What does it all mean? Part Two - Lil' Beethoven
Updated: Aug 9, 2020
People think of Lil Beethoven (2002) as the start of a new era for Sparks, but the divide between old and new isn't nearly as precise as it seems, with Balls (2000) playing just as big a part of the story. Despite it's radically different sound this is the same narrative but from the other side of the jump. In Balls they set out a plan and in Lil Beethoven they execute it.
They open with The Rhythm Thief, which serves as a manifesto for their new classically-influenced sound; it’s calls of “where did the the groove go?” and “lights out, Ibiza” heralding their departure from commercial dance music. “You‘ll never get it back” isn’t just about the beats, they’re talking to the music industry. Sparks are free and will never relinquish creative control.
On the surface How do I get to Carnegie Hall is a story about a pianist who puts in enough practice to play the great venue. "Practice man, practice". It’s an old joke built up to operatic proportions, but there are also parallels to their own recent history in there.
all of this I did for you
still there is no sign of you”
So while it’s about the pianist on his journey to greatness, it could also apply to Sparks’ close-to-successful comeback with When do I get to sing “My Way”. They’d crafted a perfect pop song with all the technical facility and old-world sensibility that anyone could ask for, and yet few bought it.
All the signs had been positive when they arrived back in London in 1994, playing to a rapturous audience for the first time in years, much to their own surprise and delight. The “Bravo!” section applies as much to Sparks as it does to the fictional pianist.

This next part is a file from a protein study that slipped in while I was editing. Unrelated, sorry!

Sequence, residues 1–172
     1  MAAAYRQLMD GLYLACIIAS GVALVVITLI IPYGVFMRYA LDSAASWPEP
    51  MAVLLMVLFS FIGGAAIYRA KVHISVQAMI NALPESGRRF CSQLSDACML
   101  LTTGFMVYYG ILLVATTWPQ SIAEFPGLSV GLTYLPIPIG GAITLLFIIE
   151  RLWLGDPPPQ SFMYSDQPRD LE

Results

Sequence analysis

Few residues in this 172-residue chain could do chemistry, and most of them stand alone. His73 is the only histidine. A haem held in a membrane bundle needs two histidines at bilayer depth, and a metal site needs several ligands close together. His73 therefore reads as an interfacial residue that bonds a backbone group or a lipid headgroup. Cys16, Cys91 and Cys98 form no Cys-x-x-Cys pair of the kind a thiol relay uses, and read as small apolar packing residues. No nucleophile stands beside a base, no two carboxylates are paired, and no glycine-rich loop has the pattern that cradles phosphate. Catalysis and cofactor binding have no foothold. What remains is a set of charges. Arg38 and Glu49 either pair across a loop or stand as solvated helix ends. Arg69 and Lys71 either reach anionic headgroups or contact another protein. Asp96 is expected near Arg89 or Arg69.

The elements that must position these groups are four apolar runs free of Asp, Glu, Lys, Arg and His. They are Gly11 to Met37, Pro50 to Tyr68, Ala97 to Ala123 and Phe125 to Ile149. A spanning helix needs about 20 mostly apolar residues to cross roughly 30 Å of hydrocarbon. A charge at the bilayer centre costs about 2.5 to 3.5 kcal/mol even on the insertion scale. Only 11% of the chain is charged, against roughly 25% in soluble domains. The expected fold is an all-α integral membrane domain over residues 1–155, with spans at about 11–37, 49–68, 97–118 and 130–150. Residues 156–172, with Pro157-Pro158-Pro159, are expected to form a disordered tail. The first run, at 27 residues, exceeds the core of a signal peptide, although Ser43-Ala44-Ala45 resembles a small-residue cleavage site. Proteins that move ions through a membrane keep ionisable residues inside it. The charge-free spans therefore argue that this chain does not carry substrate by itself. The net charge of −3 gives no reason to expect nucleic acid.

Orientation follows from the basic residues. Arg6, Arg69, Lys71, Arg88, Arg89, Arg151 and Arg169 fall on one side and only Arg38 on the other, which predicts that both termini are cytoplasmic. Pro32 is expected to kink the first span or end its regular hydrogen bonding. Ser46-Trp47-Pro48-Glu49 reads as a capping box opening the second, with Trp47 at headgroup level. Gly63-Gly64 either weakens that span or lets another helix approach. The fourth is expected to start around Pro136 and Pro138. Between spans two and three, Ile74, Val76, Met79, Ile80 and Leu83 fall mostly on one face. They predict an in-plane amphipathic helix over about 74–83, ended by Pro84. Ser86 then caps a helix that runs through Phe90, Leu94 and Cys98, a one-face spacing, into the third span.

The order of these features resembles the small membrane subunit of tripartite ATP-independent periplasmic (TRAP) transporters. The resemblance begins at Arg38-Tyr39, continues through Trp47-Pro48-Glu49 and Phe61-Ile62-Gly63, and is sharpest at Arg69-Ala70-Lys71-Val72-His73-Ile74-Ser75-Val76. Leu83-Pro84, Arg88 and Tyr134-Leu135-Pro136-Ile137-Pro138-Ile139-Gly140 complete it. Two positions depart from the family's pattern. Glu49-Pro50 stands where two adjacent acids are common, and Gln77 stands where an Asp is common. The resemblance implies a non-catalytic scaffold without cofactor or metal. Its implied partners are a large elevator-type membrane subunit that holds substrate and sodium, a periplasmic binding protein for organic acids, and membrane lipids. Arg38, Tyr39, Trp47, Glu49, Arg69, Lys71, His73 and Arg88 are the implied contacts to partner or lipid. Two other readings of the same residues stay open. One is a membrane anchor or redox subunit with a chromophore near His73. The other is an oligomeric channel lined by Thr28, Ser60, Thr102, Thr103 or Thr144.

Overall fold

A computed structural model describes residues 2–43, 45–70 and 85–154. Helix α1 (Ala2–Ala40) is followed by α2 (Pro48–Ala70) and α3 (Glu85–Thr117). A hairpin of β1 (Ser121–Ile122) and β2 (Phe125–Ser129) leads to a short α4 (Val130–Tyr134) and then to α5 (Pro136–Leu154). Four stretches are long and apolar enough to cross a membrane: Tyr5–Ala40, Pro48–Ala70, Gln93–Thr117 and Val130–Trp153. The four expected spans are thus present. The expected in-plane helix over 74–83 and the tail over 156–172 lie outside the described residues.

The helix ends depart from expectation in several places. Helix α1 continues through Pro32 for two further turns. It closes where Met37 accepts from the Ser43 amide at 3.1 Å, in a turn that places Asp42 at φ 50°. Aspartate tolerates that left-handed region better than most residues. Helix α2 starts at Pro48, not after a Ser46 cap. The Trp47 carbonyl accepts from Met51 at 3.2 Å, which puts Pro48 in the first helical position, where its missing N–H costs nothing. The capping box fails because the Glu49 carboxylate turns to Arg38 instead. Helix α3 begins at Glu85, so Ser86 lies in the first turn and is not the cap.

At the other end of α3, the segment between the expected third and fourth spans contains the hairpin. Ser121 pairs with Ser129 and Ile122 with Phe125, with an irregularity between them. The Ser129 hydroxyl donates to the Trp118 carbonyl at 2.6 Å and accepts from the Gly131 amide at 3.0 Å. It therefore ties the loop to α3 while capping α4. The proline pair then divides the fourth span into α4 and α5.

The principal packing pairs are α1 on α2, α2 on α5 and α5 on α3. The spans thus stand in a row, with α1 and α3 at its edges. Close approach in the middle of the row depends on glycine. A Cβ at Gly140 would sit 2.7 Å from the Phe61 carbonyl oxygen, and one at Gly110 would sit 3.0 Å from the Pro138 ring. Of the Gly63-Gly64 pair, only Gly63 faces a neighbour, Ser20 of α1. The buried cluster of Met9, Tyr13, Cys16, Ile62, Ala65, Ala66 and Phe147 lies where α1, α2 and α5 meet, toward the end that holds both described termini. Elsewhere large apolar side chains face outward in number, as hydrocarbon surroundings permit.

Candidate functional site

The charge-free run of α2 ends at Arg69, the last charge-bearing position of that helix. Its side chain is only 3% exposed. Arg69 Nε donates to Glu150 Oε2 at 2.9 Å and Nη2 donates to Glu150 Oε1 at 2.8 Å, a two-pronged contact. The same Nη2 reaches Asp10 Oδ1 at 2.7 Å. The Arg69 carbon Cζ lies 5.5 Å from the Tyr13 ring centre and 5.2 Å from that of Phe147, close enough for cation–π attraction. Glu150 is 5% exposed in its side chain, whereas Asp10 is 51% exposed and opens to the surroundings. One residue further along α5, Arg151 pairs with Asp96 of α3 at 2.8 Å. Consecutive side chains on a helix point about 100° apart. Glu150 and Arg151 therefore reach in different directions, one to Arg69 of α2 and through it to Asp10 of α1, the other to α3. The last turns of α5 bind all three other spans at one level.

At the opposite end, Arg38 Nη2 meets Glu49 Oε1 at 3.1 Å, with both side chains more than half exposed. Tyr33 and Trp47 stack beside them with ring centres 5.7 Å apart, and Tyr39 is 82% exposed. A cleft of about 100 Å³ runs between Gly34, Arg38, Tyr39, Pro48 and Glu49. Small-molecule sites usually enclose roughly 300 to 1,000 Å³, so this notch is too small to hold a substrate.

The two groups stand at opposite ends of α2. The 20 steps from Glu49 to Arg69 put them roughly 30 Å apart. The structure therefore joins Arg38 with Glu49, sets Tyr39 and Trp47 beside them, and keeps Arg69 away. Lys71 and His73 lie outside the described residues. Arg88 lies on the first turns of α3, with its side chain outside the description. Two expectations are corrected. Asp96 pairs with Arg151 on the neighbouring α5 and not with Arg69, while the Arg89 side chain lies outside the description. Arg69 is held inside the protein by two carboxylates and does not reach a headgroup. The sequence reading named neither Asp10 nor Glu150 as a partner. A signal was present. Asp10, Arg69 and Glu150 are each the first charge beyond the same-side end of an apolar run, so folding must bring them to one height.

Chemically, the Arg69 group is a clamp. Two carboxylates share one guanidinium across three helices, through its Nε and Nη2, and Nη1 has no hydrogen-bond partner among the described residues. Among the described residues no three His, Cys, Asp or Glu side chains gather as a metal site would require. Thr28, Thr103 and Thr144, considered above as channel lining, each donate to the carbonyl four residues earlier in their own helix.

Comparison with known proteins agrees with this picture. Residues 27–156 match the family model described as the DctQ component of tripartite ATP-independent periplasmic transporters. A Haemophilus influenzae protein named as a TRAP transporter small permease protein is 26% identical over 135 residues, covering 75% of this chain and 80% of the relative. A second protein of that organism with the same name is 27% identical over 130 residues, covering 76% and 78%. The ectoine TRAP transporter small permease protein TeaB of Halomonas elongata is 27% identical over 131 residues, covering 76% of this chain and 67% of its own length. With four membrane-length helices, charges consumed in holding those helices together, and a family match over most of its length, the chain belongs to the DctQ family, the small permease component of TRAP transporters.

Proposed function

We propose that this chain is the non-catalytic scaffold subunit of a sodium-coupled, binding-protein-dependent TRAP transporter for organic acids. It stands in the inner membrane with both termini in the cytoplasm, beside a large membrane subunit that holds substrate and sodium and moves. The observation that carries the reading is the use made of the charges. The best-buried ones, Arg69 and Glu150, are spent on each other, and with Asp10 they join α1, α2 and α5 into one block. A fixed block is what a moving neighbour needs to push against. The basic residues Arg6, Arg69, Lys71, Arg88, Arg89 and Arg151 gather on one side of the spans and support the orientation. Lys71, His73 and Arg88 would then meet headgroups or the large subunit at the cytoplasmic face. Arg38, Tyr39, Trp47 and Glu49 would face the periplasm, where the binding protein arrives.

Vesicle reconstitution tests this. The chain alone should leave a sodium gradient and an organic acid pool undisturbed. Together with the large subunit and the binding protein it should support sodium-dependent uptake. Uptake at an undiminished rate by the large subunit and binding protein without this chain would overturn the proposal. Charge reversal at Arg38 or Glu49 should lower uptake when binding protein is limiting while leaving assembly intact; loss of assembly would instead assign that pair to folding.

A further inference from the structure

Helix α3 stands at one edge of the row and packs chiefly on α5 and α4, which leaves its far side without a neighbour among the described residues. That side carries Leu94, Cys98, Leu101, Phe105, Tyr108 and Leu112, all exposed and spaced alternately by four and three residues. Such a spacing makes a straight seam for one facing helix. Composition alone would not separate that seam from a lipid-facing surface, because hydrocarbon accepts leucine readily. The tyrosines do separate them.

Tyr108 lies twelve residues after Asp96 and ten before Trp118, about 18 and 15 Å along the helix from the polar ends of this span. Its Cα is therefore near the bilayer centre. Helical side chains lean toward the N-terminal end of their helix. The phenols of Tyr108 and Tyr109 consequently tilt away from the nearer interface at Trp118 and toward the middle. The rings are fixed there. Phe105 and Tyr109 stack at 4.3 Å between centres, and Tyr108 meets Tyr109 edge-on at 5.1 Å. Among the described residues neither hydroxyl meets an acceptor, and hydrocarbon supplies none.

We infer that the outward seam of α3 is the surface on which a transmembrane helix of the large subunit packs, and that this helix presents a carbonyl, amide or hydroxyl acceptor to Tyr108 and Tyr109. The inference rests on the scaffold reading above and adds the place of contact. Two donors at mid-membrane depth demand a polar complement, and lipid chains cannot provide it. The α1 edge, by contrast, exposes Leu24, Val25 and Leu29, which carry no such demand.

“They loved it, they showed it
The audience was deafening
I was ready, I was ready
The critics all said “riveting””
But despite rave reviews and sold out gigs, their record didn’t chart:
“I guess it doesn't mean a thing
Still there is no sign of you”
The pianist eventually plays his concerts to a cheering crowd, yet the song closes with a repeat of “still there is no sign of you”. This closing lament actually fits the Sparks story more neatly than the Pianist’s story.
What are all these bands so angry about is where they tell the most about where they see themselves.
Hey everybody, what do you say
Someone's stolen our spotlight, Ray
Hey everybody, what do you say
What are all these bands so angry about?
They sing that "someone has bounced them from centre stage", referencing the bands that were outselling them at the time, getting the hit records that Sparks deserved. It then spells out what Sparks did when Gratuitous Sax and Plagarism failed to sell. They modernised their sound:
“Hey everybody, what can we do?
Crank it up just a notch or two?”
They crank up their music. Balls was inspired by The Prodigy, but sonically they just couldn’t compete with bands who were 20 years younger. It was a misfire (or maybe by design if my last post is correct). They know that copying new styles isn’t the way to greatness, so instead they look to the classics:
“Some might have done it, but not today
Beethoven, Coltrane, or Lady Day
Some might have done it, broken on through
Wagner, Tatum, or Howlin' Wolf”
Each of these classic artists have something in common. They all found success early but produced some of their greatest work in later life. Billie Holiday’s ‘Lady sings the blues’ came twenty-six years into her career (and was followed by a live recording from Carnegie Hall). Art Tatum recorded 14 LPs of acclaimed music twenty-six years after starting.
If 'When do I get to sing “My Way”' had been a success then they would've qualified to join this list of greats.
The funniest thing here is that R&R don’t see this as their own failings - they don’t place themselves behind these people. “Some might have done it.... but not today”. They compare themselves to the greats and conclude that even Wagner couldn’t beat Limp Bizkit in today's charts!